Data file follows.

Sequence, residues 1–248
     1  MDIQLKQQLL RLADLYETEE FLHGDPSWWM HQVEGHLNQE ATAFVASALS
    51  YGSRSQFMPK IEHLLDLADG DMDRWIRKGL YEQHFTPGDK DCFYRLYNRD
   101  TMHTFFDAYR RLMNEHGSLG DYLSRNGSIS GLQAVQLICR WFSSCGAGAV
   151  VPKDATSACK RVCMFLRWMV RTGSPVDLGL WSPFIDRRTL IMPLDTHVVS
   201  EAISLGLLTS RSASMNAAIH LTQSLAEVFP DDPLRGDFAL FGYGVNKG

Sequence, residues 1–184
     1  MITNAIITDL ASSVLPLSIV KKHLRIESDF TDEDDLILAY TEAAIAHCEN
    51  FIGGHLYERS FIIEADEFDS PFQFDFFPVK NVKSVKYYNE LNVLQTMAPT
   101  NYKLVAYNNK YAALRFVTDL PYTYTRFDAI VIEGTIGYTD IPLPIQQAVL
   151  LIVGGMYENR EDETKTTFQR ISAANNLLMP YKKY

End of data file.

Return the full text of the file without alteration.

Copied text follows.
Sequence, residues 1–248
     1  MDIQLKQQLL RLADLYETEE FLHGDPSWWM HQVEGHLNQE ATAFVASALS
    51  YGSRSQFMPK IEHLLDLADG DMDRWIRKGL YEQHFTPGDK DCFYRLYNRD
   101  TMHTFFDAYR RLMNEHGSLG DYLSRNGSIS GLQAVQLICR WFSSCGAGAV
   151  VPKDATSACK RVCMFLRWMV RTGSPVDLGL WSPFIDRRTL IMPLDTHVVS
   201  EAISLGLLTS RSASMNAAIH LTQSLAEVFP DDPLRGDFAL FGYGVNKG

Sequence, residues 1–184
     1  MITNAIITDL ASSVLPLSIV KKHLRIESDF TDEDDLILAY TEAAIAHCEN
    51  FIGGHLYERS FIIEADEFDS PFQFDFFPVK NVKSVKYYNE LNVLQTMAPT
   101  NYKLVAYNNK YAALRFVTDL PYTYTRFDAI VIEGTIGYTD IPLPIQQAVL
   151  LIVGGMYENR EDETKTTFQR ISAANNLLMP YKKY